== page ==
users.insert(movedObject, at: destinationIndexPath.row)
    }

with this:

    override func tableView(_ tableView: UITableView, moveRowAt sourceIndexPath: IndexPath, to destinationIndexPath: IndexPath) {
        let movedObject = users[sourceIndexPath.row]

        let payload:Parameters = [
            "deviceId": self.deviceId,
            "src":sourceIndexPath.row,
            "dest": destinationIndexPath.row,
            "src_id": users[sourceIndexPath.row]["id"]!,
            "dest_id": users[destinationIndexPath.row]["id"]!
        ]

        Alamofire.request(self.endpoint+"/move", method: .post, parameters: payload).validate().responseJSON { (response) in
            switch response.result {
            case .success(_):
                self.users.remove(at: sourceIndexPath.row)
                self.users.insert(movedObject, at: destinationIndexPath.row)
            case .failure(let error):
                print(error)
            }
        }
    }

In the code above, we set the payload to send to the endpoint and send it using Alamofire. Then, if we receive a successful response from the API, we make changes to the user property.

Deleting a row in the API then locally on the table
The next thing we want to do is delete the data from the API before deleting it locally. To do this, look for the function below:

    override func tableView(_ tableView: UITableView, commit editingStyle: UITableViewCellEditingStyle, forRowAt indexPath: IndexPath) {
        if editingStyle == .delete {
            self.users.remove(at: indexPath.row)
            self.tableView.deleteRows(at: [indexPath], with: .automatic)
        }
    }

and replace it with the following code:

    override func tableView(_ tableView: UITableView, commit editingStyle: UITableViewCellEditingStyle, forRowAt indexPath: IndexPath) {
        if editingStyle == .delete {
            let payload: Parameters = [
                "index":indexPath.row,
                "deviceId": self.deviceId,
                "id": self.users[indexPath.row]["id"]!
            ]

            Alamofire.request(self.endpoint + "/delete", method: .post, parameters:payload).validate().responseJSON { (response) in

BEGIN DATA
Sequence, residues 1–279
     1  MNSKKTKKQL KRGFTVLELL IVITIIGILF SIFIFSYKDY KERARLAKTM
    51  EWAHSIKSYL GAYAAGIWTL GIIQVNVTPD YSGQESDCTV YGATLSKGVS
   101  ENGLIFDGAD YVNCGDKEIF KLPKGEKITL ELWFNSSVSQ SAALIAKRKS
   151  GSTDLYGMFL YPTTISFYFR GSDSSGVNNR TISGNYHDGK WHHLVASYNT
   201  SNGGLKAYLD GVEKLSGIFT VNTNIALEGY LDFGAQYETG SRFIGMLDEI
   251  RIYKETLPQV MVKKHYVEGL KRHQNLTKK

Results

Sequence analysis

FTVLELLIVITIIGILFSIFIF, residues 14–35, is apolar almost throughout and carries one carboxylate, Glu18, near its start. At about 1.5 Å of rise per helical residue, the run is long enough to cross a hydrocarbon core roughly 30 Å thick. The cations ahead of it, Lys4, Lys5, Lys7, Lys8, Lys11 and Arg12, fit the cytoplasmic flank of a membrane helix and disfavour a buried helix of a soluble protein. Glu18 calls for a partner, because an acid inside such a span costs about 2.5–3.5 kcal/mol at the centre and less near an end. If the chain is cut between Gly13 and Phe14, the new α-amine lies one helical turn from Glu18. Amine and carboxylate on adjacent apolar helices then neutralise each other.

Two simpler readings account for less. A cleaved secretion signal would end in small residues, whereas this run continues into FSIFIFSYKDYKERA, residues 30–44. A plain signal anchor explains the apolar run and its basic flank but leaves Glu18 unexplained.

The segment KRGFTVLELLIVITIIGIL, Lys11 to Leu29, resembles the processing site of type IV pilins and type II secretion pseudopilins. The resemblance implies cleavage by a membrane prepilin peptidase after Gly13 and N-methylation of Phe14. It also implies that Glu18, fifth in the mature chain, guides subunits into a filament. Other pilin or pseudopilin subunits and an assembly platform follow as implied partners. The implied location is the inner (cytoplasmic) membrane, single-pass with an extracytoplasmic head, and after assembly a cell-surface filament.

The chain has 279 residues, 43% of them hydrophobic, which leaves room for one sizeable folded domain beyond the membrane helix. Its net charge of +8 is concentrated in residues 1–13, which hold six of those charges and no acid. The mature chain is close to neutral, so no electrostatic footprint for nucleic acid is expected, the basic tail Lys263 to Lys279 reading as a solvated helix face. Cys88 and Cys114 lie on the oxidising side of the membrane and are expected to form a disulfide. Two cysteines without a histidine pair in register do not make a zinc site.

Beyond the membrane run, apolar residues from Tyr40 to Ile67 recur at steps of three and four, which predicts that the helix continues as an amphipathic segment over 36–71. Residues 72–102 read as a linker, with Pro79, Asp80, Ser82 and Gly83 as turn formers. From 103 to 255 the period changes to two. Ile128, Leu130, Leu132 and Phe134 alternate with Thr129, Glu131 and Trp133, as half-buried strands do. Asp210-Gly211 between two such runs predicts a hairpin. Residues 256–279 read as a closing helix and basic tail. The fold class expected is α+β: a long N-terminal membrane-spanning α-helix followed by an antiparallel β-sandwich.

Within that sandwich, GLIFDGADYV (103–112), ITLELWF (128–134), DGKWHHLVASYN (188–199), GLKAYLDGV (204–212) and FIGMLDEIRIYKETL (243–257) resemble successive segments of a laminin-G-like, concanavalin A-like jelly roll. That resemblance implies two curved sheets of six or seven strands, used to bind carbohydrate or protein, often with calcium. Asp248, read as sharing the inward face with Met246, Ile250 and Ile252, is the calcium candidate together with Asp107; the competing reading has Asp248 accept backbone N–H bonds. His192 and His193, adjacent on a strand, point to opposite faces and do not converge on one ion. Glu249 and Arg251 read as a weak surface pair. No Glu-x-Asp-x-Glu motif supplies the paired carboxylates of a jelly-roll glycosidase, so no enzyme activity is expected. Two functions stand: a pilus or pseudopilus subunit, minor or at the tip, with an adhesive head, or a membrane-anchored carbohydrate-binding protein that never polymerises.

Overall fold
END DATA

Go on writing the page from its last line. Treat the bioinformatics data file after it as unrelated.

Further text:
switch response.result {
                case .success(_):
                    self.users.remove(at: indexPath.row)
                    self.tableView.deleteRows(at: [indexPath], with: .automatic)
                case .failure(let err):
                    print(err)
                }
            }
        }
    }

Just like the others, we have just sent the payload we generated to the API and then, if there is a successful response, we delete the row from the users property.

Now, the next thing would be to create the backend API. However, before we do that, let us add the realtime functionality into the app using Pusher.

Adding realtime functionality to our table on iOS

Now that we are done with hooking up the API, we need to add some realtime functionality so that any other devices will pick up the changes instantly without having to reload the table manually.

First, import the Pusher SDK to your application. Under the import Alamofire statement, add the following:

    import PusherSwift

Now, let us declare the pusher property in the class right under the class declaration:

    var pusher: Pusher!

Great. Now add the function below to the controller:

    private func listenToChangesFromPusher() {
        // Instantiate Pusher
        pusher = Pusher(key: "PUSHER_APP_KEY", options: PusherClientOptions(host: .cluster("PUSHER_APP_CLUSTER")))

        // Subscribe to a pusher channel
        let channel = pusher.subscribe("userslist")

        // Bind to an event called "addUser" on the event channel and fire 
        // the callback when the event is triggerred
        let _ = channel.bind(eventName: "addUser", callback: { (data: Any?) -> Void in
            if let data = data as? [String : AnyObject] {
                if let name = data["name"] as? String {

                    // We only want to run this block if the update was from a 
                    // different device
                    if (data["deviceId"] as! String) != self.deviceId {
                        self.users.append(["id": self.users.count, "name": name])
                        self.tableView.reloadData()
                    }
                }
            }
        })

        // Bind to an event called "removeUser" on the event channel and fire 
        // the callback when the event is triggerred
        let _ = channel.bind(eventName: "removeUser", callback: { (data: Any?) -> Void in
            if let data = data as? [String : AnyObject] {
                if let _ = data["index"] as? Int {